If Michigan was a stock, it would be a way undervalued stock, especially considering climate change and coming fresh water shortages, of which Michigan is surrounded by plenty. I know, I know....if there is so much good water....what happened to Flint....right? Well, that is another story, but Michigan is BLESSED with fresh water and great beaches.


I think people are naturally attracted to tangible beauty. Michigan's problem has been it's economy and economy trumps beauty any day. Hence, the last 40 years Michigan has really struggled economically due to an economy too dependent upon automobile and other manufacturing. It was the only state the lost population in the last census. When people think of Michigan now, they think Detroit, Flint, poverty, decay, crime. All those things are true....but Michigan is slowly becoming more diversified economically and Detroit is slowly turning the corner. However, West Michigan, from Traverse City down to Grand Rapids, could become a booming area NOW as its economy is a lot healthier than the economy of Eastern Michigan where Detroit and Flint are.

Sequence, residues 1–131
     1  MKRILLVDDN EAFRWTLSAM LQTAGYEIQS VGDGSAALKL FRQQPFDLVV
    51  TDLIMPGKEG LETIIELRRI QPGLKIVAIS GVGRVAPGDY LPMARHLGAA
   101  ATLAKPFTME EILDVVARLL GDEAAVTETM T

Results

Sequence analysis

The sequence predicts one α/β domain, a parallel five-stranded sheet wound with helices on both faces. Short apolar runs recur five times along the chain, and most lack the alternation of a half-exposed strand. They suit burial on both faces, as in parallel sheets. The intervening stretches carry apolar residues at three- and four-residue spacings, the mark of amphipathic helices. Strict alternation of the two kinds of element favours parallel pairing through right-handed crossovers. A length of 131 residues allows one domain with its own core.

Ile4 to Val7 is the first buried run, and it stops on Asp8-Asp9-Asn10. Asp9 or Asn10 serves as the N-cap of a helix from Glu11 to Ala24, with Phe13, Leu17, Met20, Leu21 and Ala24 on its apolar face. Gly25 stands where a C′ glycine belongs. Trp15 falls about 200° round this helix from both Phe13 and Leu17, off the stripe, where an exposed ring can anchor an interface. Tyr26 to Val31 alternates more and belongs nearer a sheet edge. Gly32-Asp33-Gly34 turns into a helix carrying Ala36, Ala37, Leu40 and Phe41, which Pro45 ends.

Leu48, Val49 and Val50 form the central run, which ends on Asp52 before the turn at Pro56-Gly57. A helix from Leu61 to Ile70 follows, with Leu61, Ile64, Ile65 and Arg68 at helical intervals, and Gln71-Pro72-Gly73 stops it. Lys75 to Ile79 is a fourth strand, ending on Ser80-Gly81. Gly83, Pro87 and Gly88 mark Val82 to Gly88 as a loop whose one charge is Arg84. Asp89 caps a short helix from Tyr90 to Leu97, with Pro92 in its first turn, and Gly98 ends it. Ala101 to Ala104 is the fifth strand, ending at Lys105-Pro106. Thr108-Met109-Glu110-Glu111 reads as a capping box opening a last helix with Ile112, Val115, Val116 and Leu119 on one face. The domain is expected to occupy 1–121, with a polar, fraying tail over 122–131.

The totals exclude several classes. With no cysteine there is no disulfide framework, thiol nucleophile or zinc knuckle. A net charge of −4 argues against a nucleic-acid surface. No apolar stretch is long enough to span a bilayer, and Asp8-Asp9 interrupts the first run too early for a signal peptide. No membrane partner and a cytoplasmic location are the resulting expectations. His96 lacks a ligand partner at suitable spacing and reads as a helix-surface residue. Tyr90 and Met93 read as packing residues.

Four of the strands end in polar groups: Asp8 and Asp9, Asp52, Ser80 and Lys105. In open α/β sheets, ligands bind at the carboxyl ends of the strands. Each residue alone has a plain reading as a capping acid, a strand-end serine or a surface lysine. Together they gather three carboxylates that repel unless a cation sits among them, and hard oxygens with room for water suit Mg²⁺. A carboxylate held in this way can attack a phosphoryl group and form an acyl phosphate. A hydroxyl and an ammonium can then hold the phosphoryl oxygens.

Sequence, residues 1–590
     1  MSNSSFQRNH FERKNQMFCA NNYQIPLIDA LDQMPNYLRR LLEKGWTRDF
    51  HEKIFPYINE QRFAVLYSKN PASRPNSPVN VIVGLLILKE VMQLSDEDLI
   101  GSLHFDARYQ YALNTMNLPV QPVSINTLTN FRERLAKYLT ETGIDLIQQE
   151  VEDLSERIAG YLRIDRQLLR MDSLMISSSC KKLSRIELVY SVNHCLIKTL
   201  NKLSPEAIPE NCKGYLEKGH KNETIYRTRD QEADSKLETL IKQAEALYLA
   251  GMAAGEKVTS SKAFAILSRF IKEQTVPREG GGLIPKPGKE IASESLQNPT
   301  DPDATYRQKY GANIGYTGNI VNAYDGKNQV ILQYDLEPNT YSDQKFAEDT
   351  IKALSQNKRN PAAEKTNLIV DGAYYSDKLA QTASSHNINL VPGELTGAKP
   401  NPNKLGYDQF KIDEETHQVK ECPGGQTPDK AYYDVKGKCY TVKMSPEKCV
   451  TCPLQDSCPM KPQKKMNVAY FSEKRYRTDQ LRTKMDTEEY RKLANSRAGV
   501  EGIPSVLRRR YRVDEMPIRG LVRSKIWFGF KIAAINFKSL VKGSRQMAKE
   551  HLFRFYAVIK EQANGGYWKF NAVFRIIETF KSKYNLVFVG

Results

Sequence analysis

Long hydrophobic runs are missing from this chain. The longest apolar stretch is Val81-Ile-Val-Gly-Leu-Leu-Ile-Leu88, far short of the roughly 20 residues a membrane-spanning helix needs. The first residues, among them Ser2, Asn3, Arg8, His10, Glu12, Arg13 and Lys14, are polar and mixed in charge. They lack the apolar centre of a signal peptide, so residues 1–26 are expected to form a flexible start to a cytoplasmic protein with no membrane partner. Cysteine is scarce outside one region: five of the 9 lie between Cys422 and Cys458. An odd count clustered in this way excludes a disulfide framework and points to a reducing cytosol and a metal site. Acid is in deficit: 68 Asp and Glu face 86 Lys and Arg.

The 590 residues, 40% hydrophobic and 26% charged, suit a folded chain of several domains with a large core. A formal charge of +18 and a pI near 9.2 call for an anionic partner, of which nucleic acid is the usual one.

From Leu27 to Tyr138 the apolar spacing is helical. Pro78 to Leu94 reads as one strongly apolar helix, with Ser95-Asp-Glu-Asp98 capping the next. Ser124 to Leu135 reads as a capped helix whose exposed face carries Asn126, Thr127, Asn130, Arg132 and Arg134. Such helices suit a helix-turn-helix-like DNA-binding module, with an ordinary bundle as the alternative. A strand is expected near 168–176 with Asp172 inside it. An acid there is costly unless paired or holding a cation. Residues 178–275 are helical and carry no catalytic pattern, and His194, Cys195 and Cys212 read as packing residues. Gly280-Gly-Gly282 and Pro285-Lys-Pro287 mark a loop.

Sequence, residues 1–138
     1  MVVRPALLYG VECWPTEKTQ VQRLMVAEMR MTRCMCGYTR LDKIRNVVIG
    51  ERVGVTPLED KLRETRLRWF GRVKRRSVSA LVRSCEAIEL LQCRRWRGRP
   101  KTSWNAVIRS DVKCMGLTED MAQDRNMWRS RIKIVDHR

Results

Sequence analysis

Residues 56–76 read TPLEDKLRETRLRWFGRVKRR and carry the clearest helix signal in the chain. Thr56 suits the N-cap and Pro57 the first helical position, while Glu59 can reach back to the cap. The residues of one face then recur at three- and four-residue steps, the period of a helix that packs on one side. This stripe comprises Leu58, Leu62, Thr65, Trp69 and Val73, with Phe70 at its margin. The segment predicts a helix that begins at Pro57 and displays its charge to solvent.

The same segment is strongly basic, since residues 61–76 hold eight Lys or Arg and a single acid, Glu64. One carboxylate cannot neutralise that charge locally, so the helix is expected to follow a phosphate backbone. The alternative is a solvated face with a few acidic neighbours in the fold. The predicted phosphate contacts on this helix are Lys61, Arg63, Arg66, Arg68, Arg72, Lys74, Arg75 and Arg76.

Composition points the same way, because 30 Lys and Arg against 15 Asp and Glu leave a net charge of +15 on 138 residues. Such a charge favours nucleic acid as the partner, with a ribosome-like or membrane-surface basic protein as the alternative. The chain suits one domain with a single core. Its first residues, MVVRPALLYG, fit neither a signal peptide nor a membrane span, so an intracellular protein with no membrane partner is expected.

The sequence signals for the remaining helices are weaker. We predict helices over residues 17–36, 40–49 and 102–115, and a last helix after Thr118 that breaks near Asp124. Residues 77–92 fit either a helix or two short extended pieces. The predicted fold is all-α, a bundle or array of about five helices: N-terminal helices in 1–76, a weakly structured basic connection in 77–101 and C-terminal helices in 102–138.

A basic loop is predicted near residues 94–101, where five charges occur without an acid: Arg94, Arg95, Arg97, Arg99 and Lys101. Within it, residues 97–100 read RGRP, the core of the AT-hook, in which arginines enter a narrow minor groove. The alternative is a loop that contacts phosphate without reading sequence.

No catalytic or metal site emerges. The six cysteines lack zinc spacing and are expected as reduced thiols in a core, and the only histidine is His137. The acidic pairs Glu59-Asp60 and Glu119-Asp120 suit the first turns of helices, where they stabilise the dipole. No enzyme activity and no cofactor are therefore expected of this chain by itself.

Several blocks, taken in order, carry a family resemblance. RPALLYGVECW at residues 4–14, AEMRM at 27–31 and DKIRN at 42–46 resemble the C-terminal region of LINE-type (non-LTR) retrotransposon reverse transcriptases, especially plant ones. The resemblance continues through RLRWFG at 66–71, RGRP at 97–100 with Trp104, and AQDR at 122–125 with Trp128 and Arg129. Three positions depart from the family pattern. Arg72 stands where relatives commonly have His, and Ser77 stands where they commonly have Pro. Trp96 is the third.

So My pick is the West Michigan region. The reason it is not booming now, despite nearly all the needed ingredient, is because nationally the trend is still to move to the Sun Belt. People are basically just trend followers, for the most party and then companies and people follow the trends. West Michigan is not even on the national radar, despite its capital, Grand Rapids, having a metro over 1 million (it does not feel like a million person metro....however). Aside from that, I think the movers and shakers in West Michigan kind of like things the way they are. I think they and many residents don't want to become a booming area with all the problems it brings. However, eventually what the area has to offer will become more well known and when pressure build up in the sun belt due to climate change and water and other issues......trends will change enough where people will start finding West Michigan.
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Old 12-21-2018, 11:56 AM
 
6,435 posts, read 9,956,582 times
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Originally Posted by brock2010 View Post
What are some small/midsized cities or metros of today that in your opinion could possibly be major cities in the future?
Mobile, Alabama for sure. Every few years I pass through it, it becomes more built up and I can see it being a really big city in the south in the next few decades.
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Old 12-21-2018, 12:15 PM